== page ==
An underground airport, tube-travelling pigeons and giant locusts: Cultural research into London Underground

January 9, 2013

Did you know that the London Underground once planned to build its own airport? Or that the creators of the first Underground line originally intended that it would terminate in Paris? Or that pigeons regularly get on at Hammersmith and get off at Ladbroke Grove?

Kingston University architecture expert Dr David Lawrence is the source of such gems of information. He can also talk knowledgeably about ghost stations, stations that featured in James Bond films and the lost tribe of cannibal Underground workers.

The London Underground celebrates its 150th birthday this week – the anniversary of the first tube journey from Paddington to Farringdon on the Metropolitan Line. "The line's owners planned to extend it out into Kent and ultimately, through a channel tunnel, to Paris," Dr Lawrence explained.

As well as envisaging a Channel Tunnel, more than a century before it became reality, the Underground's planners, in the 1930s, drew up plans for an airport to the east of London. "The Underground liked the idea of having its own airport and wanted to build one at a station at Fairlop, in Essex," Dr Lawrence said. "But the scheme was abandoned at the outbreak of ."

Dr Lawrence – who has been a consultant to London Underground and the London Transport Museum since 1990 - is particularly interested in the cultural history of the network. "The word underground became common currency at the time of H.G. Wells' novel The Time Machine 1895," he explained. The book foresaw a time when the human race would have, effectively, split into two sub-species: the leisured and effete Eloi who lived on the surface and the hard-working but vicious Morlocks, who laboured underground.

"The Morlocks did the work – they made society function," Dr Lawrence said. "The notion of underground culture meaning a counter culture, of underground art and music, stems from this. On the surface you had the bright, shiny, well-functioning city – underground you had its sinister mirror image."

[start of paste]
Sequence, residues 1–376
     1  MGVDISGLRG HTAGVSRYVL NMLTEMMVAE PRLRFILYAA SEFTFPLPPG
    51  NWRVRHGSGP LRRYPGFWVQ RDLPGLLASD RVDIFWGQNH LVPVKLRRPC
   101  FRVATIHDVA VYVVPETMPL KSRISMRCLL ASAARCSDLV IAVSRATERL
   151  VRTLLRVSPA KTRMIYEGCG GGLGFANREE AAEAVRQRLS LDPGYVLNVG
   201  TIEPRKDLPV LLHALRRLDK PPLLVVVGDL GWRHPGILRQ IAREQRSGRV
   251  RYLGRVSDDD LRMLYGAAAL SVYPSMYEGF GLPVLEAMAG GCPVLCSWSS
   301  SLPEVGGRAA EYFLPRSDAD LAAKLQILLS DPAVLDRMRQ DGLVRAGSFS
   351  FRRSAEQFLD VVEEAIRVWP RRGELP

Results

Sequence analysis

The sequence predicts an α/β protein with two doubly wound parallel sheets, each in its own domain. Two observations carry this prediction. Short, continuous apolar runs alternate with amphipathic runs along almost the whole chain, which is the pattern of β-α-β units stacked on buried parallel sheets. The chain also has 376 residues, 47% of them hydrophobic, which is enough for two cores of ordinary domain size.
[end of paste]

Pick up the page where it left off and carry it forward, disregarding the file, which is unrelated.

The Kingston University architectural historian has also studied the Underground's role on television and film. "In the 1950s you had Quatermass and the Pit, which saw giant locust-like aliens breeding in the tube, for example, and then in the 70s there was a film called Death Line (Raw Meat), in which a lost tribe of former Underground workers preyed on passengers."

Several disused, 'ghost', stations have been used in film and television. "Licensing these spaces for filming is big business for London Transport," Dr Lawrence remarked. "One of the most interesting ghost stations is Bull and Bush under Hampstead Common on the Northern Line. It's not disused – it was never used."

Dr Lawrence has lectured at Kingston University since 1998. His interest in the Underground extends to its logo and map. "Many people have remarked that the map is elastic – not geographic in its layout," he said. "What they may not realise is that that was a quite deliberate commercial ploy to exaggerate distances and to encourage people to take the tube to make journeys that they could quite easily have walked."

Or flown, in the case of a group of pigeons who have been observed regularly travelling between Hammersmith and Ladbroke Grove and between Baker Street and Euston Square or Great Portland Street. "They take advantage of the fast food that's left on the trains and seem to choose these stations as they are quite near the surface," Dr Lawrence explained.

Explore further: London subway system launches WiFi service

Related Stories

Expert: Ky. earthquake not from mining

November 12, 2012

(AP)—Geologists say the 4.3 magnitude earthquake that shook eastern Kentucky over the weekend was too deep to be induced by the region's underground mining activity.

Recommended for you

Roman theater uncovered at base of Jerusalem's Western Wall

October 16, 2017

Israeli archaeologists on Monday announced the discovery of the first known Roman-era theater in Jerusalem's Old City, a unique structure around 1,800 years old that abuts the Western Wall and may have been built during Roman ...

Human speech, jazz and whale song

October 13, 2017

Jazz musicians riffing with each other, humans talking to each other and pods of killer whales all have interactive conversations that are remarkably similar to each other, new research reveals.


Please sign in to add a comment. Registration is free, and takes less than a minute. Read more

Click here to reset your password.
Sign in to get notified via email when new comments are made.